Today I'm continuing my interview with artist Yvonne Boudreaux, who works with the Coalition for Christian Outreach (www.ccojubilee.org) ministering to art students at the University of the Arts and Pennsylvania Academy of Fine Arts. Yvonne recently graduated with a BFA in Printmaking from Kutztown University.
LeAnne: Do you see the students you know grappling with integrating their faith and their art? Do they face unique challenges as art students who are Christians?
Yvonne: The students I interact with now are grappling with integrating their faith and their art--otherwise I might feel like I'm failing. Seriously, though, I know that the students I've been blessed to talk with have thought more critically about the relationship of their art and their faith. They're seeing how "Christian art" does not necessarily have to be art including an overt Christian message (or symbols for that matter), and how God can use even "secular" art to speak of Gospel truths.
As Christians in the arts, they face the obstacle of being taken seriously if they do choose to integrate their faith and their art. While many encounters the students have had aren't as extreme, there are some cases where they've seen that the idea of Christians making art is taken as a joke.
LM: How do you encourage them in their walk and in their art?
YB: I encourage them to strive to their best potential in art making, and that all the "pointless practices" like color wheels are not pointless. Cultivating the gift of art is glorifying to God, because it discovers more about His creation. I also encourage them to hold onto integrity as they make art and venture through the art field, which can have so many pitfalls of dishonesty and the compromise of morals. In my talks with them, I try to drive home that all things matter and belong to God and so we ought to live/be stewards accordingly.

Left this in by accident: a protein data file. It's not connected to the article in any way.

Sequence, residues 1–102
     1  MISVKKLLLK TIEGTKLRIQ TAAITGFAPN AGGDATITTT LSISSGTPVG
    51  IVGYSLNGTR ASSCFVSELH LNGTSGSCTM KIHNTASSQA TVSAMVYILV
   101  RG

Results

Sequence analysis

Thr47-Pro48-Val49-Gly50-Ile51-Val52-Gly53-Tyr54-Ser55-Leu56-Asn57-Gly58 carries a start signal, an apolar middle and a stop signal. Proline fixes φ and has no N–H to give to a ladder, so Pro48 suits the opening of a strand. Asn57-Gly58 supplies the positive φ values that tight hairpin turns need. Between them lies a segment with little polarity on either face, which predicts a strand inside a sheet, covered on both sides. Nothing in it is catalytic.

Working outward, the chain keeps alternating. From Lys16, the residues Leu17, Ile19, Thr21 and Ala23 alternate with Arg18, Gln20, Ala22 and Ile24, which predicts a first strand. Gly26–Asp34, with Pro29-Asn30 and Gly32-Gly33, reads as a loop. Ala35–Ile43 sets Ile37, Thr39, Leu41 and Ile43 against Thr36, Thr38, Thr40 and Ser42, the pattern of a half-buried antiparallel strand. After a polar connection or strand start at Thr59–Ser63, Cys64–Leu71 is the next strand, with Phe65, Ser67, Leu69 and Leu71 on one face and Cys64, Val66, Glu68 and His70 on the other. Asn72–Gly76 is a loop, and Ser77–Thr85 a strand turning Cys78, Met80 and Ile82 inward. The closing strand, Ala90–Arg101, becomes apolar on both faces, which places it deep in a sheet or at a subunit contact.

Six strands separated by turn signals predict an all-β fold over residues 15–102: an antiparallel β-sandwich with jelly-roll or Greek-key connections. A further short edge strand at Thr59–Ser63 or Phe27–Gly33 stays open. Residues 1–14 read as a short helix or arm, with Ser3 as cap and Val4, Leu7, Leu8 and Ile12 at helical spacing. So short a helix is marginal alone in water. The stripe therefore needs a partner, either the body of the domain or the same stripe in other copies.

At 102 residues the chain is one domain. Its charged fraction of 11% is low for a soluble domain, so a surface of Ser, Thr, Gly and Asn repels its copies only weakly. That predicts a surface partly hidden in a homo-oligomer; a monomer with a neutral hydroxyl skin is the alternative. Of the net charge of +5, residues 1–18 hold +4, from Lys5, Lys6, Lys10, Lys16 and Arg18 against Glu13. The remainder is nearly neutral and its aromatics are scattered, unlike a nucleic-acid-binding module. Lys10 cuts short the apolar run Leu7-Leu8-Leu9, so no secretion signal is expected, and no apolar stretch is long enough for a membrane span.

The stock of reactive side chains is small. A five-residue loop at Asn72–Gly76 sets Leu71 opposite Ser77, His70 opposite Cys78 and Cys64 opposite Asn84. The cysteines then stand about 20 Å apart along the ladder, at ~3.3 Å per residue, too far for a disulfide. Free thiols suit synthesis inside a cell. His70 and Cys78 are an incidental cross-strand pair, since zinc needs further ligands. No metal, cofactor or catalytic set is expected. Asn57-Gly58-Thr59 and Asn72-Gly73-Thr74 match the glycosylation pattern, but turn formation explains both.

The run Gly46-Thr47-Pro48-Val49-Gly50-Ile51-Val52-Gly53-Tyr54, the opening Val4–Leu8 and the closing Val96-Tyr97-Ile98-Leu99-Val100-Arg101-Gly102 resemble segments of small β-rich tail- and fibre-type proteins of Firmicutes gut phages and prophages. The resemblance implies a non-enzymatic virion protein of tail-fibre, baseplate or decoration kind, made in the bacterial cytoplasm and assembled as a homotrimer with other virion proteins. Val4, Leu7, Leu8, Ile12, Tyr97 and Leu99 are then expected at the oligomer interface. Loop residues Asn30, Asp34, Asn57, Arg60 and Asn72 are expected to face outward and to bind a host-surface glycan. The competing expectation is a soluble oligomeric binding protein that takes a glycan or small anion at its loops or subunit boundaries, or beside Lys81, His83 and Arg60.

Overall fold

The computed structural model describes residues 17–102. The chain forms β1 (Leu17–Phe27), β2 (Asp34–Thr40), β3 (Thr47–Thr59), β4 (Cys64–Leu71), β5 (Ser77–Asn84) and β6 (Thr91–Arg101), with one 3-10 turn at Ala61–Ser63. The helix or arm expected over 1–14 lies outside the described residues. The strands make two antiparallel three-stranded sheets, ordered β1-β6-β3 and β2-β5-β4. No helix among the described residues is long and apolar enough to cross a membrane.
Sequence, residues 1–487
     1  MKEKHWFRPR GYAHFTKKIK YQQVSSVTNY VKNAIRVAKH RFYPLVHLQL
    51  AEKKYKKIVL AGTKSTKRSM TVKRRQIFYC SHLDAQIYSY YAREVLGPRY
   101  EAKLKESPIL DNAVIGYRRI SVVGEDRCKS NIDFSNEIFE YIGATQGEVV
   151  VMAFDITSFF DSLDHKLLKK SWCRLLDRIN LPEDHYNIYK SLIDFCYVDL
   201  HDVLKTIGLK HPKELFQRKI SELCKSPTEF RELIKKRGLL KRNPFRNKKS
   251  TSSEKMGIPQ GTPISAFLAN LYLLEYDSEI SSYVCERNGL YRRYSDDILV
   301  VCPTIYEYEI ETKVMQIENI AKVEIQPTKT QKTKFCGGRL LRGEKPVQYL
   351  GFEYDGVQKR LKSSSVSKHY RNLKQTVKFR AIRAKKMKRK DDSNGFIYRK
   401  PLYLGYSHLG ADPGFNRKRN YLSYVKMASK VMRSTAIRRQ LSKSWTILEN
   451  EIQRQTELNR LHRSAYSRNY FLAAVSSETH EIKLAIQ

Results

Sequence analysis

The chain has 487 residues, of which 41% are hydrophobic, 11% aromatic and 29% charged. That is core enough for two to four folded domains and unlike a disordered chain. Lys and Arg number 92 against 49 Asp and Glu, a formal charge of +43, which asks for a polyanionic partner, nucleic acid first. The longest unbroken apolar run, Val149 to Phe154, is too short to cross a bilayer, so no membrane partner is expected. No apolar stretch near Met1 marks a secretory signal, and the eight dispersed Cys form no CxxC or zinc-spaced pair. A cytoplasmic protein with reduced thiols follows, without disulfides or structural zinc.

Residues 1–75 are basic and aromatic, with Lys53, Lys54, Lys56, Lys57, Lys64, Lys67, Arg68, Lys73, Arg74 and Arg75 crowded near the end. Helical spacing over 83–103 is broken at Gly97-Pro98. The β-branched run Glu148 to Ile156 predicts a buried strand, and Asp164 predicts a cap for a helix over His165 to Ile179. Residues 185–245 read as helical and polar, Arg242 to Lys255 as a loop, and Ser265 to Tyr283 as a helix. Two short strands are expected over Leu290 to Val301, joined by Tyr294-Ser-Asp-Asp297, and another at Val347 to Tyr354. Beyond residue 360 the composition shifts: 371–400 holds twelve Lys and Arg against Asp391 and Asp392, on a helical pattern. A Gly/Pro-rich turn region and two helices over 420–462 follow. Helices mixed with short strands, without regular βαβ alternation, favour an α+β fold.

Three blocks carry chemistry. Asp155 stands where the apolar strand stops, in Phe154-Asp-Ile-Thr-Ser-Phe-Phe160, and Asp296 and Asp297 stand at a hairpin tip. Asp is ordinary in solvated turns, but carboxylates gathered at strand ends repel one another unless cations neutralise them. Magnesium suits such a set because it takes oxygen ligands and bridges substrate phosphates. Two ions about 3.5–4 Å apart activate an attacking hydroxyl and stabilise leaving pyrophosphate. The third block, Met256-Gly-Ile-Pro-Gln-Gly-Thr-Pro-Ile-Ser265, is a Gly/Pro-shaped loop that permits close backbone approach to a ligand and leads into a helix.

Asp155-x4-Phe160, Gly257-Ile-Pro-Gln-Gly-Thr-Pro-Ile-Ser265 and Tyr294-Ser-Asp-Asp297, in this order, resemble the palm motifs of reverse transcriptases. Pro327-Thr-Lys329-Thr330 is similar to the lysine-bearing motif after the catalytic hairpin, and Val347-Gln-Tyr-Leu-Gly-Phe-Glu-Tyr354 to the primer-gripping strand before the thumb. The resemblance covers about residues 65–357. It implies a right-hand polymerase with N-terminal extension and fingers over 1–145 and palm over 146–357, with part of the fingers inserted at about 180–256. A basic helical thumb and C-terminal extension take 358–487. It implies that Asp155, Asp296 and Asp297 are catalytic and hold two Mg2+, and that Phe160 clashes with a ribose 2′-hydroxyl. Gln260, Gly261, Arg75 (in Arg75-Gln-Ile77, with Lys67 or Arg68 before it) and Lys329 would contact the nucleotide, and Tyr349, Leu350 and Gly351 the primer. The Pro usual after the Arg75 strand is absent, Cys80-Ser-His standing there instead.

LM: Tell me about your own art.
YB: My work is an outpouring of my faith and will commonly have themes surrounding relationships: relationship to and with God, relationship with others, and relationship to self. The most prominent way that this is expressed is through imagery of Freedom vs. Bondage--psychological or spiritual. My work is a heavy (perhaps cryptic) mix of traditional symbols and my own symbolic language, and will often take inspiration from the Bible, Christian literature, theology, and humanity's response to these things. I do not, however, focus primarily on the Biblical narratives themselves but rather on principles behind them and Christian ideas.
Although printmaking is my first love, I lack direct or immediate access to a printmaking facility. This has caused me to experiment with painting/mixed media painting, as well as pen drawings on paper. A body of work I'm still attempting to develop involves collagraph printmaking on Plexiglass, pencil drawings, and light boxes.
I focus on human and animal figures and visually I would say my work is very illustrative in nature and can even take on an iconographic feel. An example would be of a solitary bird weighed down by stones with a black background.